Neonatal Injury

In any pregnancy, the parents' biggest concern is generally for the health and well-being of their child throughout the pregnancy and labor. However, even after the delivery of the child, there can be complications or medical errors that put the child at risk of harm. A newborn child needs proper care, including monitoring to make sure they are getting enough oxygen. 

Birth injuries and complications can occur during pregnancy, during labor, upon delivery, or shortly after delivery. In some cases, there may be multiple birth complications occurring together. Failure to properly monitor and treat the mother and baby throughout the birth process and after delivery can increase the risk of a perinatal injury to the mother and the baby. If you have any questions about a neonatal birth injury, talk to an experienced medical malpractice attorney for help.

What is a Neonatal Injury?

A neonatal birth injury is a structural destruction or functional deterioration of the neonate's body due to a traumatic event at birth. After a traumatic delivery, the newborn may require specialized care and treatment to address any injuries, maintain oxygen levels to the baby's brain, and continued monitoring the baby. 

Newborns can be very resilient and minor traumatic injuries may resolve on their own or with minor interventions. However, the baby's brain, spinal cord, and bones can be very sensitive to outside pressure and changes in oxygen level or blood supply. Some traumatic injuries or oxygen deprivation damage may be permanent.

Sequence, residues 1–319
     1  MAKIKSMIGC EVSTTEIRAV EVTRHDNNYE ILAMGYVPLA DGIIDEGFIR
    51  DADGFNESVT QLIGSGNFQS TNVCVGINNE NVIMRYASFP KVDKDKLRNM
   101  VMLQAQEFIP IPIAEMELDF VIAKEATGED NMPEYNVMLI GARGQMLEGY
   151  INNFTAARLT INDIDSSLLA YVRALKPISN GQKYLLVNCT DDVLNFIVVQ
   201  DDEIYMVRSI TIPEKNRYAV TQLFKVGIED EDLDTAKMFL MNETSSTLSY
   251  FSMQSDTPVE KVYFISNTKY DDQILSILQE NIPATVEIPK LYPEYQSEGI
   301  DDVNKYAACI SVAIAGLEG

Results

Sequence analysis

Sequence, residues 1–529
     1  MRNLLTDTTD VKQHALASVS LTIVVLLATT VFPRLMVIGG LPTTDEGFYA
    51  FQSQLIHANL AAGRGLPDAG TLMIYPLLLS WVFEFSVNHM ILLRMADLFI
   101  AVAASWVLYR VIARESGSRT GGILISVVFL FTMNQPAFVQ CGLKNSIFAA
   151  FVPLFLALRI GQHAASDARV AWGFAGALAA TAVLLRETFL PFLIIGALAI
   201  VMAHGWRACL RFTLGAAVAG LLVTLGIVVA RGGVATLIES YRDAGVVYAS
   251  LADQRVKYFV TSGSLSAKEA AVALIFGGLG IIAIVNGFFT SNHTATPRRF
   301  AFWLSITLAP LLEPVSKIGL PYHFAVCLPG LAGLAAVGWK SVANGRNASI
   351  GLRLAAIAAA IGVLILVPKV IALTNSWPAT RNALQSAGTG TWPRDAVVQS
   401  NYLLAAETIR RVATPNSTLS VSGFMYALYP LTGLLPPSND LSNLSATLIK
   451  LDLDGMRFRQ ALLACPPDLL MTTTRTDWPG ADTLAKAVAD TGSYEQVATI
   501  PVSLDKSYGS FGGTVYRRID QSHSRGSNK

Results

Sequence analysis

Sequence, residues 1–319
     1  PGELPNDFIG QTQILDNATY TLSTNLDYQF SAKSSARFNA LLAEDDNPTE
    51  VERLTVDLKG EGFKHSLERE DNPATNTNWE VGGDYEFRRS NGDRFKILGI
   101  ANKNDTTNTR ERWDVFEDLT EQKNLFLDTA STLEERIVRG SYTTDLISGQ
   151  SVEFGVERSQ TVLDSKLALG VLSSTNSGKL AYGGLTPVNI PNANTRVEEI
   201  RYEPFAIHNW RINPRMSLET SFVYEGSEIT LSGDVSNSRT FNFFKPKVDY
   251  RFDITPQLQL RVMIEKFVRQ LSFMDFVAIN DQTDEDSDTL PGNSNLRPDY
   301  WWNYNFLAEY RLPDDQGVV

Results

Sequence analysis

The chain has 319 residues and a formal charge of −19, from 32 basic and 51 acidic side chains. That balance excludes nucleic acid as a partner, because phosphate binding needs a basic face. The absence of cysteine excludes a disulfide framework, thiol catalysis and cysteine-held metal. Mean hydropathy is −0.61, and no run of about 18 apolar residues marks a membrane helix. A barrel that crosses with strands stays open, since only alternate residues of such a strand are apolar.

Neonatal vs. Perinatal 

The terms neonatal and perinatal may sometimes overlap and the terms can be confusing for parents understanding their child's health. In general, perinatal refers to the time around the birth. Perinatal relates to the time immediately before and after birth. Another term also used is “prenatal” which refers to the time leading up to and until birth. Neonatal refers to a newborn child, for the time period immediately after the child is born. 

Common Types and Causes of Neonatal Injuries

There are a number of types and causes of neonatal injuries. These injuries can be categorized as head injuries, nerve injuries, and soft-tissue injuries. Some of the most dangerous injuries are those that limit blood or oxygen to the brain or damage the spinal cord. Spinal cord injuries, nerve injuries, and head injuries may cause permanent damage and require medical care and treatment for the rest of the child's life.   

A traumatic birth can be caused by delivery complications and/or by medical negligence. Some common conditions that increase the risk of a traumatic birth include: 

  • Babies that weigh over 8 pounds 13 ounces (macrosomia)
  • Baby's head or body is too large to fit through the mother's pelvis (cephalopelvic disproportion)
  • Abnormal position and presentation (breech, face-first, or shoulder presentation)
  • Babies born premature (before 37th week of pregnancy) 
  • Difficult childbirth (dystocia)

Macrosomia, cephalopelvic disproportion, or other problems with the size or shape of the baby or pelvic opening may cause the baby to become wedged in the birth canal. Forcing the baby out with the use of forceps or an extraction device may allow the baby to be delivered. However, it may also cause injury to the baby's head, neck, spinal cord, or result in broken bones or nerve damage.